Memory of a good friend of mine JA1XKM

At my age, memories of those who already passed away often come up in mind. One of them is regarding Sugita JA1XKM. A doctor as well as a good friend of mine for more than a couple of decades. 

I have met him on the air for the very 1st ever in 1980 when I came back on the radio at a dorm of the med school hospital. On the quiet band of 15m dead to any DX, late at night, he has given me a call. He lived at a city west of that dorm place. It was 20 or 30 miles away. Each of us was using a barefoor with a vertical on the roof. It was not easy for us to go on chatting with weak signal on both sides. Being in the same generation, we have still shared interests each other and have talked a lot. 

It has not taken too long before he let me know of his history. When I introduced myself as a doctor starting serving residency at a med school hospital, I heard a very impressive story from him. He had been a graduate of medical school of Hokkaido University some years before we met. He has had a sleep disorder, periodic somnolence, which prevented him from getting through the exam for the doctor license for several years. I was so surprised to hear that. Even though I had little to help him, I supported him to go it through since I had just done that a few years before. He was a real nerd for ham radio as well. He told me he had activated the club station JA8YBY of Hokkaido University for a while. He used to visit us at the dorm and spent a night. I still remember seeing him at the station near by. He was smiling at me wearing trench coat at the concourse. A real sociable handsome guy whom I felt we had been friends for a long time.

His hand made QSL card. Ham radio was the window for the outer world for him while he was struggling to pass the exam for the doctor license.  

Sugita and his old fashioned shack. The main radio was FT101ZD. Most of JA hams were using some products of Kenwood. He was loving Yaesu as a real connoisseur in this hobby. He had a military surplus receiver as well. His antenna was a tiny Hygain 12AVQ on the roof, which was hardly visible from streets. He was not much of a CW operator but still had a fine old hand key shown on the photo below.

Thanks to his own much effort for the exam, he passed it in a year or two. His illness was told to get better or at least to improve when the patient got older, even though he has had episodes of somnolence and a kind of depression throughout his life. Anyway, it had been several years since he graduated the med school. It was really a miraculous thing he could pass the exam and started his career as a gastroentelogist at a medical school in Tokyo. His old parents have thanked me a lot even though, as I told above, I and my wife were listening what he said about his life. It was solely due to his own relentless efforts.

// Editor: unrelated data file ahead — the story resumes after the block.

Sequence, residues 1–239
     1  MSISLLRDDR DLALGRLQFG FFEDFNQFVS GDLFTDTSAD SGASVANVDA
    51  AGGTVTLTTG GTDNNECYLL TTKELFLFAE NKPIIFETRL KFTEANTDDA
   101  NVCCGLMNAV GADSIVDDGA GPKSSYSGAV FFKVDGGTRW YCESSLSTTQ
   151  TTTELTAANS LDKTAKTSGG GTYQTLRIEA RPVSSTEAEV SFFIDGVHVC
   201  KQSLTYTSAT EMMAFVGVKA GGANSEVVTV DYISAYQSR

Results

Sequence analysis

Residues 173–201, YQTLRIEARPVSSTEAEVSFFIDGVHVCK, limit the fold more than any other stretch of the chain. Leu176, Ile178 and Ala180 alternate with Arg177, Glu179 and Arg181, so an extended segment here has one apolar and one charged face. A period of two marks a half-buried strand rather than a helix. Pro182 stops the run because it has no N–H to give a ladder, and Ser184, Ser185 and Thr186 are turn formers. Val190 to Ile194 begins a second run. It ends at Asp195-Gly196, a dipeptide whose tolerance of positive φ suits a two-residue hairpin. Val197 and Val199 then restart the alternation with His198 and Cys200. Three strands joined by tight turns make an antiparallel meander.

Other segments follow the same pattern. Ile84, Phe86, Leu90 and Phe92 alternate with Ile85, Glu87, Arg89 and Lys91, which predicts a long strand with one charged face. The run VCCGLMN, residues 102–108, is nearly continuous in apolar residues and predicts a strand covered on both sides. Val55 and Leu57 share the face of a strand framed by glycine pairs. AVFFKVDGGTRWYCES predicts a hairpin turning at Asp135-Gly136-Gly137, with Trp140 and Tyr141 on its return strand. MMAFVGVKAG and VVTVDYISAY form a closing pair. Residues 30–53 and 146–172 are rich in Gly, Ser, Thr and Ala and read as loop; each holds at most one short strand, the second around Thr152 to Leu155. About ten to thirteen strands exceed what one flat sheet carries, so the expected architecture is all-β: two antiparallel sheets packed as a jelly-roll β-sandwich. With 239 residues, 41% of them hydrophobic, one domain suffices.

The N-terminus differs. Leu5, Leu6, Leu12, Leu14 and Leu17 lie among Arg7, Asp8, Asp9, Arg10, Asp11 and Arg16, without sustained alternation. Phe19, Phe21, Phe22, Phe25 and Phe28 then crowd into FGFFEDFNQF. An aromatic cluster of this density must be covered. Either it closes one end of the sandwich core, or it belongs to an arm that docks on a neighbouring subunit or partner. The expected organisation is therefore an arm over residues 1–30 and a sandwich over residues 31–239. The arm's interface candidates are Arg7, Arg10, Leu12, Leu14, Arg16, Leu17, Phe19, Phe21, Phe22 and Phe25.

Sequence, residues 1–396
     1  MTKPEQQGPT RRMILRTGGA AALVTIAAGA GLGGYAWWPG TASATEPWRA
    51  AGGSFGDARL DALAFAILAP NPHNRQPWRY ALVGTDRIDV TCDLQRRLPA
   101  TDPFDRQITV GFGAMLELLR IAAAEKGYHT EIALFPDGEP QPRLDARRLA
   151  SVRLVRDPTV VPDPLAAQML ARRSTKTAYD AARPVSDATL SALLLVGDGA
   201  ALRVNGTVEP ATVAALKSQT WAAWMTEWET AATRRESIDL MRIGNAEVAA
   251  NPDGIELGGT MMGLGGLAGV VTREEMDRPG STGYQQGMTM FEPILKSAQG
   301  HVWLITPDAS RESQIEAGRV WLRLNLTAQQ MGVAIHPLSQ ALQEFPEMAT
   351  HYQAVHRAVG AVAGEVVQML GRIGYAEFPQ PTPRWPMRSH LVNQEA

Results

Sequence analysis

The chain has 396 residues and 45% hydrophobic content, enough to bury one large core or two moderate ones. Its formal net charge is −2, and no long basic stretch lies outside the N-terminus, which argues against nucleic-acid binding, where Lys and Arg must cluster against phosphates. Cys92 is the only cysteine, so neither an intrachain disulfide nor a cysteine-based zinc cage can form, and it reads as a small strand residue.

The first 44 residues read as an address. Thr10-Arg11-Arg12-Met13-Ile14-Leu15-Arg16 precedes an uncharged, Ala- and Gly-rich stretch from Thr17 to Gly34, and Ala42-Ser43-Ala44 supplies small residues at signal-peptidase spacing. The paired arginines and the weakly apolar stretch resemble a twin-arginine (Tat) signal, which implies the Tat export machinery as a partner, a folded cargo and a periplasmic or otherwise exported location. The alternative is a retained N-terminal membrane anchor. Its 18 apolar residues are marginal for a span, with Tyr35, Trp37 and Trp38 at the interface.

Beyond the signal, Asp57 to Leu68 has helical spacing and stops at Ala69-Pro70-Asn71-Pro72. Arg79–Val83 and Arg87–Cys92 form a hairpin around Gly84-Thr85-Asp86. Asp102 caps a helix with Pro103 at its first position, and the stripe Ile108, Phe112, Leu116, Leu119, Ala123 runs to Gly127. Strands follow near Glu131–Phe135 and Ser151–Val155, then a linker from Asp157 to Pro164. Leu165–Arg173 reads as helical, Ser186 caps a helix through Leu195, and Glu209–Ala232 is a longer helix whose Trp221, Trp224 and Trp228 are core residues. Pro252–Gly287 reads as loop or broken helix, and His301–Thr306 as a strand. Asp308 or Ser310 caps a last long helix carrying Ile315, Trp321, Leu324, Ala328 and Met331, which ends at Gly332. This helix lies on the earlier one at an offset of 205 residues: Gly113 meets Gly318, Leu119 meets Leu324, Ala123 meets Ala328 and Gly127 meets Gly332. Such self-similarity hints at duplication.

In a couple of years, he invited me to his wedding party at a restaurant in the downtown of Tokyo. With his beautiful bride, he looked to be living the most brilliant moment in his life. Both of us were getting into the busiest chapter in our lives ever since. We have just exchanged the season's greeting cards in the new year season and have not met either on the air or in person for almost 2 decades. I knew he had been settled down at his own home in Saitama and had got a couple of sons. I believed he had spent happy life there.

It was when I got a phone call from his wife that I knew he had passed away from brain stem bleeding. It has occured to him in real sudden way. As soon as he came home from his working hospital, he complained something wrong with him. He has lost his consciousness and, in a few minutes, passed away while he was embraced by his wife there. The ambulance car was not in time for him. Too abrupt. 

I had no words to tell to his wife. In a day or two, I drove down to his home and saw him in the living room. He looked peaceful there. Even though he has lived only 56 or 57 years, he has been blessed with his family and his success as a doctor. What effort he has spent to get it! I am sure he has lived as a doctor kind and affectionate to his patients since he has had his own illness throughout his life and has known what having illness meant to his patients. 

Sure he is still missed. There must be only few who remember of this great person now. But he is still alive in my memory.  

There are people around me from one to another who pass away and leave me. I don't know when it will be my turn. Until then, I should live as well as possible in order to tell them I have lived that way.

Playing at a small concert

I have finished one of my important projects since last year. At a small concert of a piano circle which my niece and her husband belong to, I was asked to play a chamber music. With the help of my good friend violinist, I have played the 1st movement of the 1st piano trio by Mendelssohn at a concer hall in Tokyo.

I have worried that I could cause some trouble which would prevent me from joining that concert. But everything went smooth and well for us. It was a gorgeous public hall in Gotanda Tokyo. Having rehersed for half an hour in the morning, we have played it around 2PM. My sister, that is, the niece's mother and some relatives came to listen to us. Of course, as a performance of amateur players like us, we have had a few accidents. However, the violinist friend, whom I have been playing a number of chamber musics with for almost 2 decades since her music university days, has lead us successfully. We have reached the brilliant coda where the piano plays overwhelming passages in accelerando. Imagine how deeply I was touched and relieved when I played the last D. Someone, I am sure it was my sister, has shouted bravo at the end! I was a bit ashamed to be shouted that way.